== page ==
Editorial: Re-elect Nancy Pelosi to Congress

No contemporary figure personifies San Francisco politics more than Nancy Pelosi. The House minority leader, The City’s very own representative, after all, is that “San Francisco Democrat” the American Right has turned into a pejorative. We think the true Nancy Pelosi, not the caricature, has abundantly earned re-election.

Is it impertinent to distinguish between the two? Certainly she can take justifiable pride from a career that has notably integrated her inner self with her political persona. That she emerges now as a woman of destiny, a political trailblazer at this moment in history, is testament to her unshakable drive.

Just this past week, owing to the ruling party’s disarray on Capitol Hill, the title “Speaker of the House” came well within her grasp. It is not even premature, if the activists who want to impeach the president and the vice president get their way, to speak of “President Pelosi.”

The very fact those words made it into print this morning probably will boost Republican fund-raising before lunch. Still, San Franciscans who’ve felt estranged from their country’s direction, and who don’t want to invest their psyches in Barry Bonds, can take pleasure in knowing their member of Congress plays hardball really, really well.

No, we’re not endorsing her for president, but neither do we think her re-election will portend America’s final collapse, as alarmists on the right suggest. We do wish she would show more transparency when it comes to her sizable earmarks, that practice of slipping pet appropriations into spending bills, but she has attended to her district admirably. We like it that she’s shown uncommon solicitude for AIDS/HIV sufferers. We salute her for pushing privatization of the Presidio.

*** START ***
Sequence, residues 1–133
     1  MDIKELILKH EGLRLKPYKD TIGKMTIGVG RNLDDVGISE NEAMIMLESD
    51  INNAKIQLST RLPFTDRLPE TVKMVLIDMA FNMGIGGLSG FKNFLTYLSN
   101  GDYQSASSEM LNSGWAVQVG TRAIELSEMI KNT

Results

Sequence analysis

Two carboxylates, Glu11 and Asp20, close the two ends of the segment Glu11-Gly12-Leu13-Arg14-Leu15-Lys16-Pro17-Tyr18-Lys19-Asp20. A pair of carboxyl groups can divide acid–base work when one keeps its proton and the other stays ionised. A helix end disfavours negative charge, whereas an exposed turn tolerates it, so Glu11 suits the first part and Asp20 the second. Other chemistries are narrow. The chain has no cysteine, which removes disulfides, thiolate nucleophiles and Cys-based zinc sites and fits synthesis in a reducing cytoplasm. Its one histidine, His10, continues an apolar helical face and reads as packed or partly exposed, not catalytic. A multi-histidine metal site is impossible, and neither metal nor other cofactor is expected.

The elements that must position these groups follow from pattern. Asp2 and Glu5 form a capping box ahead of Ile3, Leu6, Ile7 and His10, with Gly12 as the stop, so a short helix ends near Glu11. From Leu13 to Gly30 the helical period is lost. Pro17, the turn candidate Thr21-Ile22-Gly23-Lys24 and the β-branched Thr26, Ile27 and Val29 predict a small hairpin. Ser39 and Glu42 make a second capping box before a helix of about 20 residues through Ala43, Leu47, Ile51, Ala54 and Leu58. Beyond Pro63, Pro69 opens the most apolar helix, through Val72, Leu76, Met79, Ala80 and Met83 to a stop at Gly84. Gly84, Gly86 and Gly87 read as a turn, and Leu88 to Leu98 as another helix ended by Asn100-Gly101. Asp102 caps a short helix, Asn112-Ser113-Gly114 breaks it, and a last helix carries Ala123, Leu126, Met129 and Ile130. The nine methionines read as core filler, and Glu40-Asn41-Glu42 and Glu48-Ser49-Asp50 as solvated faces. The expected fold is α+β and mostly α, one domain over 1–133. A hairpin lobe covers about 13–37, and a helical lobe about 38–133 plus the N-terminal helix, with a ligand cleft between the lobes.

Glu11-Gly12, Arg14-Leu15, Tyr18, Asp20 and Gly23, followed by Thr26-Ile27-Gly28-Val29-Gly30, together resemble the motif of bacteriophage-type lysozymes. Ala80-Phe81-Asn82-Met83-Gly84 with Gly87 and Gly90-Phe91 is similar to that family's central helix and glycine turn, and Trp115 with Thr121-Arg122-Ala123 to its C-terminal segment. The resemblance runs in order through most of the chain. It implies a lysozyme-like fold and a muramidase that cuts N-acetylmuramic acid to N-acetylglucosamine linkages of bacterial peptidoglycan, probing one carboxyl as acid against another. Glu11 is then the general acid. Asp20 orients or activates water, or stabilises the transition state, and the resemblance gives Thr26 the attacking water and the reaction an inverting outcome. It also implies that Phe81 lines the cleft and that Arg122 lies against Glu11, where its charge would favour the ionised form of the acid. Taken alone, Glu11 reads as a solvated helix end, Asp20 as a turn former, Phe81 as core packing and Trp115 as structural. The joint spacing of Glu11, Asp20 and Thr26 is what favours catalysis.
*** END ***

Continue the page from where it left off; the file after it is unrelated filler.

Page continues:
Has Rep. Pelosi, especially in foreign policy, erred on the side of an either-or, partisan combativeness that ill serves the public discourse? Arguably, yes. But if Republicans need to rediscover their non-interventionist history, Democrats must offer something more responsible than a poorly defined “redeployment” of our troops — a euphemism for a disastrous withdrawal from our commitment to the Iraqi people.

We sense that Rep. Pelosi would like to find a way out of such a futile debate. She is wonderfully poised to nurture a constructive conversation about America’s future — a political legacy, to be sure, she would savor far more than owning Rep. Mark Foley’s scalp.

We think San Franciscans would like that fresh approach, too. Contrary to the caricature, most of The City’s voters do not inhabit the far regions of the paranoid Left. Rather, they are resolutely independent, forever in search of workable solutions and animated by a history of freedom.

The true San Francisco, then, harmonizes splendidly with what we take to be the inner Nancy Pelosi, who — once happily re-elected — must remind herself to represent The City to Washington, not Washington to The City.

Part of The San Francisco Examiner's 2006 election coverage.editorialsOpinion

If you find our journalism valuable and relevant, please consider joining our Examiner membership program.
Find out more at www.sfexaminer.com/join/

Just Posted

Organizer Jas Florentino, left, explains the figures which represent 350 kidnapped Africans first sold as slaves in the United States in 1619 in sculptor Dana King’s “Monumental Reckoning.” The installation is in the space of the former Francis Scott Key monument in Golden Gate Park. (Kevin N. Hume/The Examiner)
What a reparations program would look like in The City

‘If there’s any place we can do it, it’s San Francisco’

Officer Joel Babbs at a protest outside the Hall of Justice in 2017 (Bay City News file photo)
The strange and troubling story of Joel Babbs: What it tells us about the SFPD

The bizarre and troubling career of a whistle-blowing San Francisco police officer… Continue reading

Gov. Gavin Newsom speaks at a COVID-19 update at the City College of San Francisco mass vaccination site in April. (Kevin N. Hume/The Examiner)
Gavin Newsom under COVID: The governor dishes on his pandemic life

By Emily Hoeven CalMatters It was strange, after 15 months of watching… Continue reading

People fish at a dock at Islais Creek Park on Thursday, June 10, 2021. (Kevin N. Hume/The Examiner)
What Islais Creek tells us about rising sea levels in San Francisco

Islais Creek is an unassuming waterway along San Francisco’s eastern industrial shoreline,… Continue reading

Deputy public defender Chris Garcia outside the Hall of Justice on Wednesday, June 16, 2021. (Kevin N. Hume/The Examiner)
As pandemic wanes, SF public defender hopes clients will get ‘their day in court’

Like other attorneys in San Francisco, Deputy Public Defender Chris Garcia has… Continue reading

Most Read